Stockpiling Meat & Produce.
Stockpiling is a great way to save money on your grocery bills, but there are some items that are more difficult to stockpile then others – like meat and produce.
It’s very rare that you will come across a coupon for fresh meat or produce, so stockpiling those items seems like an expensive task – but rest assured, it is possible to stockpile these items without paying an arm and a leg.
Below I have outlined the best ways to stockpile meat & produce.
Invest in a chest freezer
Just like you probably don’t have enough room to store your grocery stockpile in your kitchen cabinets, you likely will not be able to store your meat & produce stockpile in the little freezer above or below your refrigerator. That’s why a chest freezer is essential.
I admit, when someone suggested the freezer idea to me 2 years ago, I thought they were crazy. Surely I didn’t need that much space for frozen food. What a waste of money, space and electricity that extra freezer would be!
Well, I was wrong. One day I picked up 6 almost-free frozen pizzas from the grocery store and stuffed my freezer full. The next week, chicken breast was on sale and we were almost out – but we were almost out of space in the freezer as well. It was then that I realized that the extra freezer was actually a good idea.
I missed out on the chicken deal that week, but I also learned my lesson. After a bit of research, I picked up a freezer for our basement and it now houses lots of extra chicken, frozen pizzas and more!
My point is – if you want to save money by stockpiling meat and produce, you really need to consider getting an extra freezer. They are definitely worth it.
Only buy sale items
Only purchase sale items when you are stocking up, never full price. The front (and sometimes back) pages of most store flyers will have the best deals. Look there first. Only add the cheapest items to your shopping list.
As for how much you should stockpile, well, this really depends on your family and how fast you can consume certain items. For our family, we eat chicken breast at least 3 times per week. That’s 12 chicken breasts per month, per person. If we would like the chicken to last us 6 months, we would need to have a stockpile of 72 chicken breasts for each person.
Don’t stock up on items that your family will not consume before they go bad, no matter how cheap they are.
Find out your store’s mark-down schedule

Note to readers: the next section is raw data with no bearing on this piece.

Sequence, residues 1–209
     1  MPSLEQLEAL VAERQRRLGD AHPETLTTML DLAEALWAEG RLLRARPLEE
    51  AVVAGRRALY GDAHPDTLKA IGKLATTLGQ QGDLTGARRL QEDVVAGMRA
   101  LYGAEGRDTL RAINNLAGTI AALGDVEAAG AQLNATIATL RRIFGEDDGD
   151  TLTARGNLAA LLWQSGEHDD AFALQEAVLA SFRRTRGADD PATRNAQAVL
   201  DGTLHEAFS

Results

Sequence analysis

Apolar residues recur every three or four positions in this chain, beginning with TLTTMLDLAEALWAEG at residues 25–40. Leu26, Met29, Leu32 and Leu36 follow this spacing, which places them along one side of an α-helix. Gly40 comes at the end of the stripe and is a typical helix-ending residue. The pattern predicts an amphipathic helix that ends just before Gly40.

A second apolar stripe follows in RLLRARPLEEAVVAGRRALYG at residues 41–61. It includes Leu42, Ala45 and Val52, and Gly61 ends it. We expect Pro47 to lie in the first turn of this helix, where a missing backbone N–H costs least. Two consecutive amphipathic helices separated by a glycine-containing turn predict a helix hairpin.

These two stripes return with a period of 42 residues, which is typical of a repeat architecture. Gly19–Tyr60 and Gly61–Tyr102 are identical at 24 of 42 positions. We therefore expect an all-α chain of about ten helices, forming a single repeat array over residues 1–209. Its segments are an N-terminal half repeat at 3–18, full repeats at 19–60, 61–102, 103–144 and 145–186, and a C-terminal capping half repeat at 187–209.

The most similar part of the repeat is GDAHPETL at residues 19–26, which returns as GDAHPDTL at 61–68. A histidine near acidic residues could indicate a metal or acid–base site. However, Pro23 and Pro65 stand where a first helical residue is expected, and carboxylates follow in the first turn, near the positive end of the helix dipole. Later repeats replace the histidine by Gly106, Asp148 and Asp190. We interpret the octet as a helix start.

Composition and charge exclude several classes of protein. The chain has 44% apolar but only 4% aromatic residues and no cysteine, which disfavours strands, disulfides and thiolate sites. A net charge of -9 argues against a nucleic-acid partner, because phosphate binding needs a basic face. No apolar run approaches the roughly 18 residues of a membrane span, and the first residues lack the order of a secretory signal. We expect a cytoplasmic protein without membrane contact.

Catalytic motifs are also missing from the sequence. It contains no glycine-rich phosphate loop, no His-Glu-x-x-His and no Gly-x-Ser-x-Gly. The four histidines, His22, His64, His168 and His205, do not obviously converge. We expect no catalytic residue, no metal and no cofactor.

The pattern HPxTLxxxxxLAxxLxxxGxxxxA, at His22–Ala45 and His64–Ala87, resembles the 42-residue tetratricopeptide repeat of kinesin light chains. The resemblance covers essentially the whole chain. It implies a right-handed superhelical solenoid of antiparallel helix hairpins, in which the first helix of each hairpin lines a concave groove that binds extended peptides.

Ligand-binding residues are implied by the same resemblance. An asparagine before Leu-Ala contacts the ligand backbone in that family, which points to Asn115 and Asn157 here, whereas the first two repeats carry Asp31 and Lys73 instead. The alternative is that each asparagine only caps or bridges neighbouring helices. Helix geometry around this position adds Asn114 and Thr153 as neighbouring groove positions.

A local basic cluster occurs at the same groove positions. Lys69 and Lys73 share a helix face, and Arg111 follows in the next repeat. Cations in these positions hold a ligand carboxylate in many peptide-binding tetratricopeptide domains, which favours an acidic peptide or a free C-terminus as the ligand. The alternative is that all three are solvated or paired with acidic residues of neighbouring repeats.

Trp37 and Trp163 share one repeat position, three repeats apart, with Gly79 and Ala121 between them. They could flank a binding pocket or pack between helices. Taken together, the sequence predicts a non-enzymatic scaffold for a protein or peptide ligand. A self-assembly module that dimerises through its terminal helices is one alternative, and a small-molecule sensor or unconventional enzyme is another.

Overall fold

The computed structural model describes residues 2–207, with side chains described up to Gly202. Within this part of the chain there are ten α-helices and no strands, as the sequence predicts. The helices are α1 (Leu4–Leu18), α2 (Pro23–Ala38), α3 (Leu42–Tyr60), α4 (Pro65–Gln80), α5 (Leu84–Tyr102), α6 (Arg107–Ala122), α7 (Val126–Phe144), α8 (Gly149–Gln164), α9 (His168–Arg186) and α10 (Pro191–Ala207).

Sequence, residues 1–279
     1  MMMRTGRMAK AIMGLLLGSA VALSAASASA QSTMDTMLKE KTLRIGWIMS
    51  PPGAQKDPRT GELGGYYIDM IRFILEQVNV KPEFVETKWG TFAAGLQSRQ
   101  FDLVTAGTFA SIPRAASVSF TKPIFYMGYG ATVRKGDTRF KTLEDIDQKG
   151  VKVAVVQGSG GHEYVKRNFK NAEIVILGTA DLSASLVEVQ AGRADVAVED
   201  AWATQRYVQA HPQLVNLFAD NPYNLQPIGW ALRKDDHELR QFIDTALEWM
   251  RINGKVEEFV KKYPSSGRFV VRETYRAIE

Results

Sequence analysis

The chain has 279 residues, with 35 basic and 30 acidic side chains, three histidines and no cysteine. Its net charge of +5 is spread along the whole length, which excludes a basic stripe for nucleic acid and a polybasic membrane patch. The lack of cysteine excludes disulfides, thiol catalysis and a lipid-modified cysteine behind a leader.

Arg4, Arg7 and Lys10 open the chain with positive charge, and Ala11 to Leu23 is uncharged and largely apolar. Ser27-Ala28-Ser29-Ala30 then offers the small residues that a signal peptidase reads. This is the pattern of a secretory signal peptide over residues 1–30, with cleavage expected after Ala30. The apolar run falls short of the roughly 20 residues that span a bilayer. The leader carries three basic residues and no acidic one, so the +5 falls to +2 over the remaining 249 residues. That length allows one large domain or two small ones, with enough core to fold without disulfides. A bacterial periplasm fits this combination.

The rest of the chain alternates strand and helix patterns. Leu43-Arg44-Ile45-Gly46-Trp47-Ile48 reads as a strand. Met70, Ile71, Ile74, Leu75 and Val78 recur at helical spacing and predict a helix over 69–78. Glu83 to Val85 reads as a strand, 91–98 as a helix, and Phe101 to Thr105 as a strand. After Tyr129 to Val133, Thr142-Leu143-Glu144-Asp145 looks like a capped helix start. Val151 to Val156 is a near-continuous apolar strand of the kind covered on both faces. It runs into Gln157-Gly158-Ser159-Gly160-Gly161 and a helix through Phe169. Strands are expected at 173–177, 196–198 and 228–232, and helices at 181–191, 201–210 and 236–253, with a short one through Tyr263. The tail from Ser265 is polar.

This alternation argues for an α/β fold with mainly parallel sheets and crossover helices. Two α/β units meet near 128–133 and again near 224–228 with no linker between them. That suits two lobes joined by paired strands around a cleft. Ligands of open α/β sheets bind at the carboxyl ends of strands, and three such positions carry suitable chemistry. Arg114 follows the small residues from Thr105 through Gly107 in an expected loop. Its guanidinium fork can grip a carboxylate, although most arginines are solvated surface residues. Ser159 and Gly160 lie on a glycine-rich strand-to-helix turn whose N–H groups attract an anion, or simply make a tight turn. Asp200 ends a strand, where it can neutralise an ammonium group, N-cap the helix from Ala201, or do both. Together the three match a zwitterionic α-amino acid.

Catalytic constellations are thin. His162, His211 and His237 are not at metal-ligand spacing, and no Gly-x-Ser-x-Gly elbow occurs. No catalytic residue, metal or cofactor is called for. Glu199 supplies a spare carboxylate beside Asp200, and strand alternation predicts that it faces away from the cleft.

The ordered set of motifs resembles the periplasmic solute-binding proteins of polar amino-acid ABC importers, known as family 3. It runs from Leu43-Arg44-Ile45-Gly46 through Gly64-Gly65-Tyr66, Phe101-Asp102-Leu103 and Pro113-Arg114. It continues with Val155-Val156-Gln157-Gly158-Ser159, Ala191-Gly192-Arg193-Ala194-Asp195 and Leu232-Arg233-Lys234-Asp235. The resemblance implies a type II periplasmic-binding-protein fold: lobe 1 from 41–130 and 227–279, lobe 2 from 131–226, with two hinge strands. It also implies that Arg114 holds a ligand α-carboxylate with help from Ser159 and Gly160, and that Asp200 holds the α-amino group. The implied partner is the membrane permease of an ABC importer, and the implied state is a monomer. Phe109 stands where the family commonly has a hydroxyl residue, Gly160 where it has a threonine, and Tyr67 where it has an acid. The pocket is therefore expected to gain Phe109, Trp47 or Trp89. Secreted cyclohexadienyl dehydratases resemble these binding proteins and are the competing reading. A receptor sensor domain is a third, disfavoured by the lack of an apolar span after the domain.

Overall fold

The next time you are at your local grocery store, ask the staff when they mark down produce and meat. It’s best to ask the staff that works in the back of the store, as cashiers usually don’t know this information.
Try to find out which day of the week and what time(s) they mark down those items, so you can try to swing by the store at the perfect moment to snatch up cheap meat & produce.
Remember that items that are marked down are usually cheap because they are going to expire very soon. Be sure to get those items into your freezer as soon as possible to prevent spoiling.
Have a stock-up budget
It’s a good idea to set aside a certain amount of money every week (or month) for stocking up. Even if it’s only $5 per week; knowing that you have that limit will prevent you from overspending. The point of stockpiling is to save money, so don’t go over your budget.
When you come across meat or produce (or other grocery items) that hit your stock-up price, pick them up and add them to your stockpile.
Purchase directly from a local farmer
I know a few people that save quite a bit of money by purchasing 1/4, 1/2 or even a full cow directly from a farmer in their area.
You can often purchase pigs and other animals as well, but each farmer is different, so check with the ones in your area to find out what they offer.
If you can’t afford the purchase of a 1/4 (or more) cow on your own, consider splitting the cost with another family and then dividing up the meat.
Check out the clearance racks
Many grocery stores have a clearance rack with marked down fruits & vegetables.
They are often only bruised or have other small imperfections. They are still edible.
Remember that freezing food is not as simple as just tossing something into the freezer. The way that you prepare it for freezing is the only way to gauge how long it will last in it’s frozen state.
Use freezer bags or storage containers
Get the products that are made specifically for freezer use.
I don’t recommend freezing meat in the packages they come in at the store, unless you plan on thawing and consuming all of that meat in one meal. Instead, take the amount of meat you need for one meal and put it in it’s own container or bag.
Mark everything that you put into the freezer with the current date and a note on what’s inside.
Don’t forget to check our list of things you can and cannot freeze, and how long you can freeze them for.
Although it’s difficult to find coupons for fresh meat and produce, you can still save money on these items and you can certainly stockpile them.
The key is to buy low and freeze properly to guarantee yourself a healthy supply in your stockpile.